By Vincenzo Costa
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3 Though functionalism is often taken to be a naturalist theory inviting a purely physicalist ontology, the historical overview shows that its chief methodological motivation was a practice of logical analysis or clariﬁcation that is in fact far removed from empirical work. Attention to functionalism’s method of logically analyzing our terms of mentalistic description therefore suggests its closeness to the central methods of the phenomenological tradition’s conceptual and logical analysis of the structure of Functionalism and Logical Analysis 31 experience.
Its continuities with phenomenology cast light, as well, on another important aspect of the conceptual structure of functionalism. As we have seen, much of the supposed advantage of functionalism over logical behaviorism rested on its ability to capture the results of the empirical investigation of the mind and brain and thereby ensure the possibility of a purely naturalistic method and a physicalist picture of the world. ²⁸ But historical reﬂection on the development of functionalism shows that this difference is in fact more apparent than real.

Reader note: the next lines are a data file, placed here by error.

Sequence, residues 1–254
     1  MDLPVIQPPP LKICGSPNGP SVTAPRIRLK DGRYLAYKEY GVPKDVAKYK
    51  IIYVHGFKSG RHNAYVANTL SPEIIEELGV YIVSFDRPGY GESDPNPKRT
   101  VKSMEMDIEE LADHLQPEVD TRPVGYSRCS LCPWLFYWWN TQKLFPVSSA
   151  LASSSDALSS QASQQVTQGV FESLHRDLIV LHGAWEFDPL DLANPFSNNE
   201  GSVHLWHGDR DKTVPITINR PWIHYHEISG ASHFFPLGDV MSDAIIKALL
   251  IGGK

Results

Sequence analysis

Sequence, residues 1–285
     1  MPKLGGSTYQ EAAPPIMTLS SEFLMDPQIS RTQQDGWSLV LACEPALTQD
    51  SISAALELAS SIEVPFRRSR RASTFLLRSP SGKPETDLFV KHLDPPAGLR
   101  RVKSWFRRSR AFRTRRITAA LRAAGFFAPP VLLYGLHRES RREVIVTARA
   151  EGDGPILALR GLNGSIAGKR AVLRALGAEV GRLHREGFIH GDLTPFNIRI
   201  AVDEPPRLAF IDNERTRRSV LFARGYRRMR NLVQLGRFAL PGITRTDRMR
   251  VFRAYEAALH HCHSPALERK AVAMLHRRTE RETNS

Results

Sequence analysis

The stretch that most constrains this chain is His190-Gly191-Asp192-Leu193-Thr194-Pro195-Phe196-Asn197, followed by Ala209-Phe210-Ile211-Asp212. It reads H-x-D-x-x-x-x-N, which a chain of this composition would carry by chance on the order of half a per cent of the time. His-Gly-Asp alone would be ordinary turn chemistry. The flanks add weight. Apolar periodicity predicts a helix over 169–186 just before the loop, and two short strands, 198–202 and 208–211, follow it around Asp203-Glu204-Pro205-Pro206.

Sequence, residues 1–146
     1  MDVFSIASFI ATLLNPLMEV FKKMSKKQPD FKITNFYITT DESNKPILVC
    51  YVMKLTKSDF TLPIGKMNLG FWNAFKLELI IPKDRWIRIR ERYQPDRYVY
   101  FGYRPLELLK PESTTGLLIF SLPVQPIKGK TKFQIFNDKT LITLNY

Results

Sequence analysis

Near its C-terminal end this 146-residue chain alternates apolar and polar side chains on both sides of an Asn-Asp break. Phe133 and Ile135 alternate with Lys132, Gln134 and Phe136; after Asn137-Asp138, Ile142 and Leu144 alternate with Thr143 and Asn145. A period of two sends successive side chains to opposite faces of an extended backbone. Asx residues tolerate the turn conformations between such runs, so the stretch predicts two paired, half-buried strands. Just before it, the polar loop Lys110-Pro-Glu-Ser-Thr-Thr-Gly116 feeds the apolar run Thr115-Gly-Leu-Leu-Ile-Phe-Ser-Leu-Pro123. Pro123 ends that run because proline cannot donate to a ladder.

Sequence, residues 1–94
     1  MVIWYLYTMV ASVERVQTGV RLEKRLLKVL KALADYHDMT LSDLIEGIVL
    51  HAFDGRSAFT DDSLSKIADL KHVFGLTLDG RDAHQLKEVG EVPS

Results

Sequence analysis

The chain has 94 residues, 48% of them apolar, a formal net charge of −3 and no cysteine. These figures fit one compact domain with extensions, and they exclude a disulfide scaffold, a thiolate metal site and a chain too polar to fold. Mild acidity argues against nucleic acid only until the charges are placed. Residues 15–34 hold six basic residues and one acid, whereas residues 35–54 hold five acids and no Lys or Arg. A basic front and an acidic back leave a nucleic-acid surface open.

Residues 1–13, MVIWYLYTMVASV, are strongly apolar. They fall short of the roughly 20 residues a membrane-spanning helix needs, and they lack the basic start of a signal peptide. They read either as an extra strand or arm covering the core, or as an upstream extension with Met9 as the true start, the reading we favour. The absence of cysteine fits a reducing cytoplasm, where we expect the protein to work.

See also Ideas I, section 11. 32 Paul Livingston The continuities between phenomenology’s logical investigations of experience and Putnam and Fodor’s functionalism, moreover, are not only conceptual; for a signiﬁcant line of historical inﬂuence on Putnam and Fodor’s method also originates with Husserl’s phenomenology. ’²⁶ In the late 1940s, Gilbert Ryle’s The Concept of Mind propounded an inﬂuential program for the investigation and clariﬁcation of our ordinary concepts of mentality. ²⁷ As we have seen, Putnam and Fodor essentially drew upon the logical behaviorist method of analysis of mentalistic terms in their own development of functionalism, even while repudiating the suggestion of any possibility of reducing the reference of these terms to patterns of behavior.
Husserl by Vincenzo Costa